And ecologically, a lot has happened. For example, as we speak there is a resurgence, a normalization taking place in the trophic dynamics of Lake Victora. We are now beginning to see what the lake looked like before the Nile perch boom of the 1980s and 1990s. Things have changed and are changing. But none of that was in the film.
The Nile perch wasn’t the only problem that caused the extinction of many species in the lake. Over-population around the lake and logging were also factors.
When Nile perch became the dominant species in the lake, that correlated very well with the disappearance of over 200 species. So clearly one was justified to point a finger to Nile perch dominance in the lake as a reason for the decline of biodiversity in the rest of the lake.
When you look at what has happened in the lake in the 1960s, 70s and 80s in terms of the environment and the quality of its water, clearly you can see a decline. Changes in the concentration of nutrients, nitrates and phosphates led to a shift in the food chain dynamics in the lake. You had certain species of algae dominating, out-competing species which were a favorite food for some species of fish. And when you have a dominant species of algae which is not favored as food for the fish you can guess what will happen to the species that depends on that particular food item in the lake. The deterioration of water quality, which led to a shift in the balance of species - some of which were food for the fish – led to the decline in biodiversity.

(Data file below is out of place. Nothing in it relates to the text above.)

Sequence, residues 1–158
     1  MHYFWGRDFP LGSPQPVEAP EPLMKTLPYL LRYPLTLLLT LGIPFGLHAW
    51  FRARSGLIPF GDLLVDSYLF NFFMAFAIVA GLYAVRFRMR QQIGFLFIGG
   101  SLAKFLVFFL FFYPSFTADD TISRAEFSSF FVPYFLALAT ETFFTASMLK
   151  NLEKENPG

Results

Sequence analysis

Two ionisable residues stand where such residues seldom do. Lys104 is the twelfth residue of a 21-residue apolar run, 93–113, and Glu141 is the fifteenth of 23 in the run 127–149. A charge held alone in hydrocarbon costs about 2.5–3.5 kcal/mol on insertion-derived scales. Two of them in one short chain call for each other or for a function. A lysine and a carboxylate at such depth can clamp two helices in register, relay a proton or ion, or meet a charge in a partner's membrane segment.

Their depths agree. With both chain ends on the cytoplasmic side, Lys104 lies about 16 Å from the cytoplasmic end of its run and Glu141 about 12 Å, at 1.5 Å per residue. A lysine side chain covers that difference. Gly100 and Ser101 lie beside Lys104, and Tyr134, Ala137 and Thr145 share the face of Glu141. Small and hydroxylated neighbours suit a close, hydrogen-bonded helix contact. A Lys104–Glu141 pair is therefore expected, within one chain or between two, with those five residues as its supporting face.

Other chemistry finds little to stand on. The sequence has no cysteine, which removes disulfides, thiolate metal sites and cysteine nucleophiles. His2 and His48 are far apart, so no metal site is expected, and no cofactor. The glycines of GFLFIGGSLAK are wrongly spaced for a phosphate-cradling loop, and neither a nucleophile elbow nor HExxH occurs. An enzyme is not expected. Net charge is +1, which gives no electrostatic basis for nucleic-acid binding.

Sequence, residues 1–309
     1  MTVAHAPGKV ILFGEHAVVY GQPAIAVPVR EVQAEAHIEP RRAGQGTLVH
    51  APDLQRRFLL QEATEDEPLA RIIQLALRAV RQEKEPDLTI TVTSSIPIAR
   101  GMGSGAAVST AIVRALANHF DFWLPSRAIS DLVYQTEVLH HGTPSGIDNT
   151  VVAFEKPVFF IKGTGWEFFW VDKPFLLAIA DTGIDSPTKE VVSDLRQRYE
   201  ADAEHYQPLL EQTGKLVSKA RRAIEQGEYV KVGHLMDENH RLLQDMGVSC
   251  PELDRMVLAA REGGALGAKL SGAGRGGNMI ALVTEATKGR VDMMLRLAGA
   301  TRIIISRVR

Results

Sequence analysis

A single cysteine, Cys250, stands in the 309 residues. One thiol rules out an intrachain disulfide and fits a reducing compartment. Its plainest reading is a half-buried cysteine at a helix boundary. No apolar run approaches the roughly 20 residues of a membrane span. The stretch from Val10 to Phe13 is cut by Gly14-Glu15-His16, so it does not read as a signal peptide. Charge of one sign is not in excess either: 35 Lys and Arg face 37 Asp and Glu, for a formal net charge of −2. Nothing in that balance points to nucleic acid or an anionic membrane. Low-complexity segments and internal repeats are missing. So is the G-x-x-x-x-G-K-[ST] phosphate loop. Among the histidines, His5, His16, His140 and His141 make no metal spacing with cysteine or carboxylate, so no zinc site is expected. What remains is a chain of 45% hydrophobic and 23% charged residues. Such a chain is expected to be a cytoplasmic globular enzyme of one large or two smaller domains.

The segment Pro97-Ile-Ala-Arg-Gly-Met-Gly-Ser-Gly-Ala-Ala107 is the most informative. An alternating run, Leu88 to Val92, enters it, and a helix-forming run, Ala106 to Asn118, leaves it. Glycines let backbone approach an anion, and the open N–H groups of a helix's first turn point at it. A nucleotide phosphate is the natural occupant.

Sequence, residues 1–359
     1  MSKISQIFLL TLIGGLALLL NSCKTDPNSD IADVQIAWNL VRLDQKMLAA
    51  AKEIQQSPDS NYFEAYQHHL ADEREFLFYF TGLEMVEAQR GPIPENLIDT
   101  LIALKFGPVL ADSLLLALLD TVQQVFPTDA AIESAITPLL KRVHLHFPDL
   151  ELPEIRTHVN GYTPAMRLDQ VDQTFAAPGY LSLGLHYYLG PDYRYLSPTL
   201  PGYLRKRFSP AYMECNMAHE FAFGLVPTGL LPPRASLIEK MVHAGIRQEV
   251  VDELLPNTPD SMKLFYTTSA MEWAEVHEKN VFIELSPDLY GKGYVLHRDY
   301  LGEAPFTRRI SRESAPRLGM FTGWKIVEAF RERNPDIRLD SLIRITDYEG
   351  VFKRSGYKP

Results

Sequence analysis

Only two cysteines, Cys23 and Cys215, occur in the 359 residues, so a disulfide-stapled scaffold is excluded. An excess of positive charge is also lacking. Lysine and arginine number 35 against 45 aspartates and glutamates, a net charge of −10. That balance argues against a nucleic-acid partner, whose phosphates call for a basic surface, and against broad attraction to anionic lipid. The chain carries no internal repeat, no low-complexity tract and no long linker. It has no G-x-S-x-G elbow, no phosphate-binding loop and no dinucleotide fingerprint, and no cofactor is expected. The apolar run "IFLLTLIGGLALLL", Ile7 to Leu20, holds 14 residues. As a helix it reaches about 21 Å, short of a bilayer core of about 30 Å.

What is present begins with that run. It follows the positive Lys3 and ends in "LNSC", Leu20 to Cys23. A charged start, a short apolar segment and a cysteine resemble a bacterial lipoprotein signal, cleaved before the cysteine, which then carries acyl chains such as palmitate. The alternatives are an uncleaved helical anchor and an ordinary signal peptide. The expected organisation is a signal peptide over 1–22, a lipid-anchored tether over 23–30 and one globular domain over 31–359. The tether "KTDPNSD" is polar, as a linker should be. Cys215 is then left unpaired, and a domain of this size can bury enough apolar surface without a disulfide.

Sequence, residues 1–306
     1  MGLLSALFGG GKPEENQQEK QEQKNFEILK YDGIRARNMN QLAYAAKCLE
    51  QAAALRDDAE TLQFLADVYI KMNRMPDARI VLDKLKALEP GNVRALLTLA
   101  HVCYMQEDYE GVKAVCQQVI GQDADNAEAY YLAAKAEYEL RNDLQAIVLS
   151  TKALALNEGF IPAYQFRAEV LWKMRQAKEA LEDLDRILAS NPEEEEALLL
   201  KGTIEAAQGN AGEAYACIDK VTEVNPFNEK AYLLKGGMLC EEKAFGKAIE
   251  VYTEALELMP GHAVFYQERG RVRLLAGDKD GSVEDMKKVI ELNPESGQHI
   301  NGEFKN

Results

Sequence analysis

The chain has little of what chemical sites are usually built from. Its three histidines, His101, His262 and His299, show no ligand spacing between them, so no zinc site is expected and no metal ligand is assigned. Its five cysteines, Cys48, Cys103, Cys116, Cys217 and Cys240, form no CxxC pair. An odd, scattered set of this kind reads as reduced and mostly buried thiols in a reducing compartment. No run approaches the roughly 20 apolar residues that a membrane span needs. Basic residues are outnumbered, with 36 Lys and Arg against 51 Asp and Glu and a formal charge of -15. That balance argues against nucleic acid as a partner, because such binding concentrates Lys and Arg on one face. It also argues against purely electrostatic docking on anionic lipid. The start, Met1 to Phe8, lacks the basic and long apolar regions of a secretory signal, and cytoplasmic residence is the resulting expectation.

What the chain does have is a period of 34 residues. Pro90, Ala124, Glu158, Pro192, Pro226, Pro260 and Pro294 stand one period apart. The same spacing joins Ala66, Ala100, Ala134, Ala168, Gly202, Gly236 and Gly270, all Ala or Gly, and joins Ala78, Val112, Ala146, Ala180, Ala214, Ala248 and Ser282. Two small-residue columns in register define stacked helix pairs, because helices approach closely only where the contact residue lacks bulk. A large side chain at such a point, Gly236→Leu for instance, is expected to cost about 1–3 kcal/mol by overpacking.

But what caused the decline in water quality? Look at what is happening in the Lake Victoria basin; look at the growth in population over the years. This was not matched by growth in infrastructure for managing and handling wastewater. It was not matched by adequate natural resource management, such as forest-management, in the Lake Victoria basin. There was a lot of pressure on forestry resources by the increase in population. We also saw agricultural practices that were not environmentally-friendly. Erosion was not probably controlled. All the industries in the major towns around the lake were emptying their waste into the lake. So the proper balance of the ecosystem of the lake could no longer be maintained.